Additionally, assertions about Palestinian thought are found throughout the book and can be difficult to prove true or false. How would one go about assessing the claim that “the Palestinians’ commitment to the idea that they are still refugees and also possess a right of return to the state of Israel is deeply embedded in the Palestinian identity and its collective ethos?”31 Schwartz and Wilf proffer that it “is an issue on which no Palestinian political opposition or dissent exists,” which is perhaps as good a proxy as you will find.32 I don’t necessarily doubt that it is correct that there is a cultural narrative of “perpetual injustice” in the Palestinian camp, but I am cognizant of the fact that it is difficult to prove definitively. The book’s arguments are made weaker by their occasional reliance on alleged Palestinian beliefs, as opposed to evidence of action.

Furthermore, the book’s critique of the West—which we are led to believe by the subtitle will be severe—is, in essence, that it has failed to sufficiently counter anti-Israel extremism in the Arab world. The book makes a compelling argument that this is the case, and that “geostrategic interests” (read: oil) have muddled what would otherwise be clear opposition to an ideology that seeks to eliminate a UN member state.33 Still, this strikes me as a somewhat confusing target for criticism in this case when it may be more appropriate to condemn the Arab extremists themselves.

With that said: this book managed to significantly change my thinking on the conflict. As someone who thinks about this a fair amount, I would consider that on its face to be a significant endorsement. If that’s not enough of an endorsement, here’s another one: you should probably read this book. I now realize that I did not at all understand the Palestinian refugee issue before reading this book, and in its aftermath feel confident and prepared in its discussion. Schwartz and Wilf did not challenge my fundamental view of the conflict, but they gave me a much clearer understanding of the refugee issue, which has profound implications.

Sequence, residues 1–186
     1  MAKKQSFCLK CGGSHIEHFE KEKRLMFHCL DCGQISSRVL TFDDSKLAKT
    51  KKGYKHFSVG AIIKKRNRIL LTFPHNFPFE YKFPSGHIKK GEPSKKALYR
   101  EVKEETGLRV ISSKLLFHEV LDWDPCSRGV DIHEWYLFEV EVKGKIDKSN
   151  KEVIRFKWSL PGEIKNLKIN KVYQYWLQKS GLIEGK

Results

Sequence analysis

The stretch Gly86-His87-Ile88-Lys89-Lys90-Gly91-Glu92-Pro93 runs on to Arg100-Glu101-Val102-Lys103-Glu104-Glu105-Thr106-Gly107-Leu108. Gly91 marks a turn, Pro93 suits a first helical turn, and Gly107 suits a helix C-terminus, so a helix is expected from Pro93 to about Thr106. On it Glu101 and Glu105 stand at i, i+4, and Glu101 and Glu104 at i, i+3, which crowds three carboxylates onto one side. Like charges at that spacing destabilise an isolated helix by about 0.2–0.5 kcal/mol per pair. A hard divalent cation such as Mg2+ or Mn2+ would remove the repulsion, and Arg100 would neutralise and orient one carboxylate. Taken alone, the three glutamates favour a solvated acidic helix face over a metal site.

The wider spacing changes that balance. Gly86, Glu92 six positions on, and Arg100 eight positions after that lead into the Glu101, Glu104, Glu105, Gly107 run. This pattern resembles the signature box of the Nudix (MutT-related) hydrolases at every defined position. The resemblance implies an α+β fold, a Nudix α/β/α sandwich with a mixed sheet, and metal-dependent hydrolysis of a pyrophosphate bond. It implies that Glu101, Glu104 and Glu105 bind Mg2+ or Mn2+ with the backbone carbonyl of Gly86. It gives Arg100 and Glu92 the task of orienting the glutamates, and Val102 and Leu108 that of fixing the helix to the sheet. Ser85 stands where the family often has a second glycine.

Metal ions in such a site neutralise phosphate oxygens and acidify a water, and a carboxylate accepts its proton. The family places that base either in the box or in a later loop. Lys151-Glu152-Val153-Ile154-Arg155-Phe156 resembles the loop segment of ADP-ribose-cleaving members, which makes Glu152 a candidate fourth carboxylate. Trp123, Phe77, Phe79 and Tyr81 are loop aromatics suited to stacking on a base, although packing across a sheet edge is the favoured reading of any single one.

The War of Return has been a timely read ever since its publication. Indeed, in the ensuing years, very few of the foundational facts and conditions it addresses have experienced any shift; the Arab-Israeli conflict had reached somewhat of a standstill.

It is the “fervent hope [of Schwartz and Wilf] that in writing this book [they] contribute in a meaningful way to real and lasting peace.” As such, their proposals need adjustment.34 With the outbreak of the Israel-Hamas War in the aftermath of October 7th, there is potential for a serious shift in the history of the conflict.